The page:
Now that we're emerging from the long winter's snowy blanket, I notice newly-bare rock walls, darkened fields, the open, slippery road, and find myself "annihilating all that's made to a green thought in a green shade." I've seen enough black and white -- and too much brown mud. I think green. Andrew Marvell got it right 350 years ago when he wrote of greenness's irresistible appeal.
In past Aprils I've walked through verdant parks and lush botanical gardens in the south, enjoying acres of flowers and nectaring butterflies after starving for them during a snail-paced New England spring just beginning to open. For the moment my yearning for greenness would be satisfied -- until returning to the Northeast Kingdom and finding it still locked in a chilly monochrome grip.
Thankfully, not true today. The last few days have been spectacular: bright, warm, free of insects, the sky illumined in Maxfield Parrish blue. I go outside and do nothing as long as possible. I look overhead at towering maples nodding expectant buds. A nearby solitary crabapple has beaten them to it; its little leaves are beginning to unfold in juvenile green. The grass spurts, the first daffodils curtsy in white and yellow, and day lilies surge on either side of a rock wall. A few butterflies -- Spring Azures, Mustard Whites, a solitary White Admiral -- dart between new green lily shafts searching for what is not yet there. Each day promises more green than the last, and with the progression, my spirit soars. "Clothe the earth with greenness," sang Coleridge, and we sing with him.
Imagination takes me back to a time in the Earth's history -- 500 million years ago -- when the barren brown landscape had no cloak of green. Simple plants lived in ancient shallow seas and were just beginning to wash up on muddy shores where they survived long enough to be lapped by waves that moistened their fragile cells. Away from the coast, the land had form but no color: it was built of mountainous rocky upthrusts and blowing deserts; it was roughened and dissected by torrential rivers that carried sand and mud torn from the land, then deposited it upon broad lowlands and in distant bays and along ocean shorelines. The stage was being set, but there were no players on the scene.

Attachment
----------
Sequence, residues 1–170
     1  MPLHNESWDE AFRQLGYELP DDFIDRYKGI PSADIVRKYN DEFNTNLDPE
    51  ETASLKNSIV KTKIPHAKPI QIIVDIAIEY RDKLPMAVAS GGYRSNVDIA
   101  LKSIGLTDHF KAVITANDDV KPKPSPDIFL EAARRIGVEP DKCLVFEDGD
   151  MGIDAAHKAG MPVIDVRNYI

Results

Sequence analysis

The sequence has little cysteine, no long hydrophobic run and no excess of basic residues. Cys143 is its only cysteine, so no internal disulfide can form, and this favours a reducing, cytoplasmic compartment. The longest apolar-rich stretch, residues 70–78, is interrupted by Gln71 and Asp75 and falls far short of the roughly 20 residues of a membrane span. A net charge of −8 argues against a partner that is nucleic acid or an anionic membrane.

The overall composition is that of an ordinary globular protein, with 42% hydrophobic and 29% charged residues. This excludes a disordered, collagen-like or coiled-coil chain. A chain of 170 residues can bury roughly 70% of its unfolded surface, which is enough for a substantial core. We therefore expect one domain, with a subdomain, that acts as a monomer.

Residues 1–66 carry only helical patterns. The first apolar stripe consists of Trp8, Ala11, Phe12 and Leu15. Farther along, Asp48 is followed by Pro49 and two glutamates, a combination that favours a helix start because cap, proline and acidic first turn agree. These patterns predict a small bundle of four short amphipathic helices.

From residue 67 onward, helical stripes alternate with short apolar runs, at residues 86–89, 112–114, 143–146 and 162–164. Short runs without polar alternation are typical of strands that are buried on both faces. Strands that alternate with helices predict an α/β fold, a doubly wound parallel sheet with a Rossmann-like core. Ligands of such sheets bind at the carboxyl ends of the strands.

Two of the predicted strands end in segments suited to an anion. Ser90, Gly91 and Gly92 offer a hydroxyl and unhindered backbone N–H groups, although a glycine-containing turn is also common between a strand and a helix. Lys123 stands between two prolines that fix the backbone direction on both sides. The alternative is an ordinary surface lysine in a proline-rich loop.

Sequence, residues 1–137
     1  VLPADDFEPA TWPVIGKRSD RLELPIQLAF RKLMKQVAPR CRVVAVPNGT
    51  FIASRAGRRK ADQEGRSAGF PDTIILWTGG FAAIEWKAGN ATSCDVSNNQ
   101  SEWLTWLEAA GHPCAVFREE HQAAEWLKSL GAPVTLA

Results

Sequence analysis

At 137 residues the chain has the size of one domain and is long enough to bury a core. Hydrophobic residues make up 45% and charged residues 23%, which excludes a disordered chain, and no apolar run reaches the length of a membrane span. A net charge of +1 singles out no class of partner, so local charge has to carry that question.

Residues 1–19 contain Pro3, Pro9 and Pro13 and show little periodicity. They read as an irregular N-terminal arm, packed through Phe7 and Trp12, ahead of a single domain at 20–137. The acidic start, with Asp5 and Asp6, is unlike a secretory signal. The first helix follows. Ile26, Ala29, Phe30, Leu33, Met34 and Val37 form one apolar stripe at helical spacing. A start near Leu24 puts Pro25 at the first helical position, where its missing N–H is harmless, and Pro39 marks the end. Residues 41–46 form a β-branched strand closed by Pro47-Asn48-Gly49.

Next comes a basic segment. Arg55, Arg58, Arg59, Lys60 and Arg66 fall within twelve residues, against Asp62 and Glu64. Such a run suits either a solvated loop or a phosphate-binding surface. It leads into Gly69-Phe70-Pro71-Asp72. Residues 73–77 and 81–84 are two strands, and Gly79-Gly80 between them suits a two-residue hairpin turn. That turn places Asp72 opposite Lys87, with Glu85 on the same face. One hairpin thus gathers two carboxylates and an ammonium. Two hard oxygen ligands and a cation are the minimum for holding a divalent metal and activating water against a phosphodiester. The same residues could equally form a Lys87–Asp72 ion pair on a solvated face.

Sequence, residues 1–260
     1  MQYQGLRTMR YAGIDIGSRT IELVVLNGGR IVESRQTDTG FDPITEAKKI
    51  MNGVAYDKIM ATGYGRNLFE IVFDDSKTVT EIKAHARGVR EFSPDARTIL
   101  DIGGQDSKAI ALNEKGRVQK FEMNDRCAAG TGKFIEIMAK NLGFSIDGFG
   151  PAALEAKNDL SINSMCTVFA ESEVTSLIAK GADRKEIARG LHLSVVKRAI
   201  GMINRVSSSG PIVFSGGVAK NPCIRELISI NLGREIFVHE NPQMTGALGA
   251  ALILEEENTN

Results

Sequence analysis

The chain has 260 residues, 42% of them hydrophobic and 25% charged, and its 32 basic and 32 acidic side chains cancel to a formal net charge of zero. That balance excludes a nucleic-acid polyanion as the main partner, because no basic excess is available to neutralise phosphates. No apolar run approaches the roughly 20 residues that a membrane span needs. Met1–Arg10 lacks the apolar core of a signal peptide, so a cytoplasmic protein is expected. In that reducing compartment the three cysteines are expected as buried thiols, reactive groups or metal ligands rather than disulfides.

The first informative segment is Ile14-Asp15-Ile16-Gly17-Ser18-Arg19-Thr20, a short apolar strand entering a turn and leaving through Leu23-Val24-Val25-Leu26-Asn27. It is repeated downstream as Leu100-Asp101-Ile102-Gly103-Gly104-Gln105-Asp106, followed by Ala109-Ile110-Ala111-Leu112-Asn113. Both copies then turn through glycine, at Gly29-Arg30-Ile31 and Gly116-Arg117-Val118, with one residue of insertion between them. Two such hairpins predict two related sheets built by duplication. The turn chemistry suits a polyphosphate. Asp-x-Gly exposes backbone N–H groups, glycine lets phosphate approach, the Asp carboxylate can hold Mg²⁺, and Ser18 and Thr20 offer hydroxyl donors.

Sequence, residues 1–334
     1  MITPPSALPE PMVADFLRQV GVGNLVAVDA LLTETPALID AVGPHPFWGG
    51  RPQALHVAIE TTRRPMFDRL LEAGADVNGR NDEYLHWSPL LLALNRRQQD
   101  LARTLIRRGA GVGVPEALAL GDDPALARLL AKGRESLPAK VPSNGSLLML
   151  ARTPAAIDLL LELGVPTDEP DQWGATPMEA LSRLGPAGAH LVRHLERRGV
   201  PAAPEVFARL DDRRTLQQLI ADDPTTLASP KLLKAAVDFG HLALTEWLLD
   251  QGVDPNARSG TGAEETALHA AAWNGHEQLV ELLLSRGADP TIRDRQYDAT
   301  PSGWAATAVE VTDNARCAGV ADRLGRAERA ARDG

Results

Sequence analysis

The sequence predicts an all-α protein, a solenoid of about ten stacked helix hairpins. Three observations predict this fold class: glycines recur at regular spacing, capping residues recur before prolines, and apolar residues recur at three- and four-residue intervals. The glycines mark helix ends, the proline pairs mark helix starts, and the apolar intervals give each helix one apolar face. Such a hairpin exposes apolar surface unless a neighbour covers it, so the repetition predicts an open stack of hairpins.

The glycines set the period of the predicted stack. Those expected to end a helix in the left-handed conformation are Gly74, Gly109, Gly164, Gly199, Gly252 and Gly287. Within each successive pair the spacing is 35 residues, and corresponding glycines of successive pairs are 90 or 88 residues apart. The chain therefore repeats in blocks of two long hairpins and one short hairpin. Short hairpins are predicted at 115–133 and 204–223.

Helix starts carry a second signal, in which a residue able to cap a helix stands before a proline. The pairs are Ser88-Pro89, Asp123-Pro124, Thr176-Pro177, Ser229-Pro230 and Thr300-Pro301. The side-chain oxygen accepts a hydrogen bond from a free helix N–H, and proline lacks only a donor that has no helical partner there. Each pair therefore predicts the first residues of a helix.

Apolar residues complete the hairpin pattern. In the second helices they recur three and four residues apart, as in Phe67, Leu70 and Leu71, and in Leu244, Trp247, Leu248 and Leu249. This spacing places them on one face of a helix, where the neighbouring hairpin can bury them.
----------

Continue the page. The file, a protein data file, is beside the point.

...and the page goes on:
Eons passed and the green margins of streams and wetlands widened as plant mats crept onto land. They were flat and hugged the surface; they branched, groped outward and up-slope, but not yet upward into the air. Slowly the damp soil turned green with struggling plants, some of which we might recognize as today's liverworts growing on moist banks. Opportunities for photosynthesis and reproduction arose where formerly there had been none on the ancient, dusty, sun-baked land. Minerals and nutrients, accumulating in the virgin soil, nourished the green, pioneering invaders.
For the first time, spores were produced that could withstand dryness; they blew in the wind hundreds of miles and across the world to colonize other isolated moist places, where the special inheritance they carried allowed more of their kind to prosper. In their seclusion lay the secret of new shape and character, for small populations isolated from their kin have only a limited gene pool to draw upon, and because accidental mutations inevitably occur, the nature of a sequestered species departs increasingly from its ancestry. Entirely new plant specialties appeared everywhere across the waiting continents. With time and isolation from the moderating, neutralizing influence of large populations, moist pockets of ancient plants experimented by building elevated stalks and stems that rose aloft in the dry air.